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Taylor v. U.S. Dept. of Justice

June 18, 2003


The opinion of the court was delivered by: REGGIE B. WALTON, United States District Judge.


The plaintiff has filed a motion seeking reconsideration of this Court's rulings as set forth in its Memorandum Opinion dated April 1, 2003,*fn1 in which it granted the defendant's motion for summary judgment. Plaintiff seeks reconsideration of the Court's ruling pursuant to Federal Rule of Civil Procedure 59(e),*fn2 which states that"a party may motion to alter or amend a judgment no later than ten days after entry of that judgment." A district court properly exercises its discretion under Rule 59(e) when there"is an'intervening change of controlling law, the availability of new evidence, or the need to correct a clear error or prevent manifest injustice." Firestone v. Firestone, 76 F.3d 1205, 1208 (D.C. Cir. 1996) (citations omitted). Ordinarily, Rule 59(e) motions are not granted by the district court when they are used by a losing party to attempt to re-argue theories or identify new arguments that could have been previously raised. Kattan v. District of Columbia, 995 F. 2d 274, 276 (D.C. Cir. 1993) (citations omitted).

Plaintiff primarily makes two arguments in his motion for reconsideration, which were both addressed by the Court in its April 1, 2003 Memorandum Opinion, and the Court could therefore deny plaintiff's motion on that basis alone. See Rann v. Chao, 209 F. Supp. 2d 75, 83 (D.D.C. 2002) (denying plaintiff's Rule 59(e) motion where"the plaintiff merely raise[d] arguments that the court ha[d] already considered and rejected in its... Memorandum Opinion.... The plaintiff's disagreement with the court's analysis and conclusions does not satisfy any of Rule 59(e)'s criteria for altering or amending the court's judgment.") (citation omitted); Pearson v. Thompson, 141 F. Supp. 2d 105, 107 (D.D.C. 2001) ("A motion for reconsideration will not be granted if a party is simply attempting to renew factual or legal arguments that it asserted in its original briefs and that were already rejected by the Court."). However, plaintiff argues that he is

not taking [the] opportunity to reargue facts and theories upon which the Court has already ruled, but is simply pointing out what the Court stated in regard to the Defendants [sic] prior actions in withholding information in the Petitioner's criminal trial and how the cases that were cited in the Courts [sic] Memorandum Opinion were not on point with the Petitioner's request.

Petitioner's Reply to Defendant's Opposition to Plaintiff's Motion for Reconsideration of Courts [sic] Order ("Pl.'s Reply") at 1. Further, plaintiff argues that the"cases cited in the Court's... Memorandum Opinion convey that a clear error of law would occur in the way the law applies to the Petitioner's request if the Court's judgment was not amended." Id. at 2 (emphasis in original). The Court will therefore address the substance of plaintiff's arguments.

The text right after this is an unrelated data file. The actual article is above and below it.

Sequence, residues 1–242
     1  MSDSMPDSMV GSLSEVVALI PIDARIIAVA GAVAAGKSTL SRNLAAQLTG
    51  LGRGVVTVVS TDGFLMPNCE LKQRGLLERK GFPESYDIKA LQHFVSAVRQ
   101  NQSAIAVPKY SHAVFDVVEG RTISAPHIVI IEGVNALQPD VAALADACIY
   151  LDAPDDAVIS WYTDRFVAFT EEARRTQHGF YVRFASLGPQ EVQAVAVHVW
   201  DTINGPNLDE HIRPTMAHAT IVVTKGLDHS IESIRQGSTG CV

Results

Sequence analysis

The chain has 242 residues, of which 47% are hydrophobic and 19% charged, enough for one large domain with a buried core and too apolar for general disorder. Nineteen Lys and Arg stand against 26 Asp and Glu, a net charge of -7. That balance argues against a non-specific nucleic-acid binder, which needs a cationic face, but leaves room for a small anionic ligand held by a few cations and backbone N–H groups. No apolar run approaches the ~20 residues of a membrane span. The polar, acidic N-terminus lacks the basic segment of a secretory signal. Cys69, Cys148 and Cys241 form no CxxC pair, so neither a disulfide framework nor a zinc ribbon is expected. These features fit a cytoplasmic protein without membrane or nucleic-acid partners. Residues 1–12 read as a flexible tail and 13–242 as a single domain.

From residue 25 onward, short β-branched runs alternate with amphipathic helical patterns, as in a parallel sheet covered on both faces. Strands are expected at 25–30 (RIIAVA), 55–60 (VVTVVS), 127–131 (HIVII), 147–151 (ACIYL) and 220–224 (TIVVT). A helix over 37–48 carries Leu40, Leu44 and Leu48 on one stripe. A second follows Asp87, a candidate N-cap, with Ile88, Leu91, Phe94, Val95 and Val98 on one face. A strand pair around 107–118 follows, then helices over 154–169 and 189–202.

Plaintiff first argues that disclosure of the information he continues to seek, namely, whether James Roark has"ever been charged with or convicted of fraud and if so, was it insurance fraud[]" would be in the public interest and therefore is not exempt under Exemption 7(C) of the Freedom of Information Act ("FOIA"). Plaintiff's Motion for Reconsideration of the Courts [sic] Order ("Pl.'s Mot.") at 3. Specifically, plaintiff argues that disclosure would serve the public interest because it would be in the public's interest to know whether or not"the defendant has withheld exculpatory information, thus possibly violating one of its own citizens [sic] constitutional rights to a fair trial." Pl.'s Mot. at 2 (emphasis in original). However, this Court rejected this argument in its Memorandum Opinion and will not re-address the issue in detail again. See Taylor v. Dep't of Justice, No. 00-2688, slip op. at 18-19 (D.D.C. April 1, 2003). As the Court noted,"[p]laintiff has proffered nothing of substance that even suggests that the government has not complied with [its] constitutional obligation[] [under Brady v. Maryland, 373 U.S. 83 (1963),"which imposes an independent obligation on the government... to disclose to criminal defendants... any potentially exculpatory information the government has in its possession."]). Id. at 18 n.13; see also Williams v. FBI, 822 F. Supp. 808, 813 (D.D.C. 1993) (holding there was no public interest in the disclosure of documents regarding a criminal investigation of plaintiff."Absent evidence of... agency misconduct, an agency need not disclose the names and identifying descriptions of individuals supplying information to the agency in the law enforcement context.") (citations omitted). Furthermore, to the extent that plaintiff seeks the information to challenge his criminal conviction,"[t]he courts have consistently refused to recognize any public interest in disclosure of information to assist a convict in challenging his conviction." Burke v. Dep't of Justice, No. Civ.A. 96-1739, 1999 WL 1032814, at *4 (D.D.C. Sept. 30, 1999) (citations omitted).